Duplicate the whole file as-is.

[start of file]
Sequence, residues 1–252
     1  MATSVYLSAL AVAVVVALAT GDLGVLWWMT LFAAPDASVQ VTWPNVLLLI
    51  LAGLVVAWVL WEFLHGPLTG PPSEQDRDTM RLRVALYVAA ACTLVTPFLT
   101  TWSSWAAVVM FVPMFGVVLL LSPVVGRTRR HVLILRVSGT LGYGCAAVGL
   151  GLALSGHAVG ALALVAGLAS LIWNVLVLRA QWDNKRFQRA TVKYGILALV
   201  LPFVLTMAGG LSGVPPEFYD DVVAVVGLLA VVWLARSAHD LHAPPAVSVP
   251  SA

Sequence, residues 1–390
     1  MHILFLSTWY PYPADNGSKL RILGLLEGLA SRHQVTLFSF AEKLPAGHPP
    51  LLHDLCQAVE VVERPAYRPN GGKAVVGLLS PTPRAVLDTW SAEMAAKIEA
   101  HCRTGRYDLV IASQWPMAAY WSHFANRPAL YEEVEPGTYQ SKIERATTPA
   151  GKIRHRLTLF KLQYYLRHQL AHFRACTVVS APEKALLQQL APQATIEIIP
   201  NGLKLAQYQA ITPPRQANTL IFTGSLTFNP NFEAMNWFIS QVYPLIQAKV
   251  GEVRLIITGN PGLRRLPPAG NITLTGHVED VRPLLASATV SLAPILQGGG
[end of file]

Sequence, residues 1–252
     1  MATSVYLSAL AVAVVVALAT GDLGVLWWMT LFAAPDASVQ VTWPNVLLLI
    51  LAGLVVAWVL WEFLHGPLTG PPSEQDRDTM RLRVALYVAA ACTLVTPFLT
   101  TWSSWAAVVM FVPMFGVVLL LSPVVGRTRR HVLILRVSGT LGYGCAAVGL
   151  GLALSGHAVG ALALVAGLAS LIWNVLVLRA QWDNKRFQRA TVKYGILALV
   201  LPFVLTMAGG LSGVPPEFYD DVVAVVGLLA VVWLARSAHD LHAPPAVSVP
   251  SA

Sequence, residues 1–390
     1  MHILFLSTWY PYPADNGSKL RILGLLEGLA SRHQVTLFSF AEKLPAGHPP
    51  LLHDLCQAVE VVERPAYRPN GGKAVVGLLS PTPRAVLDTW SAEMAAKIEA
   101  HCRTGRYDLV IASQWPMAAY WSHFANRPAL YEEVEPGTYQ SKIERATTPA
   151  GKIRHRLTLF KLQYYLRHQL AHFRACTVVS APEKALLQQL APQATIEIIP
   201  NGLKLAQYQA ITPPRQANTL IFTGSLTFNP NFEAMNWFIS QVYPLIQAKV
   251  GEVRLIITGN PGLRRLPPAG NITLTGHVED VRPLLASATV SLAPILQGGG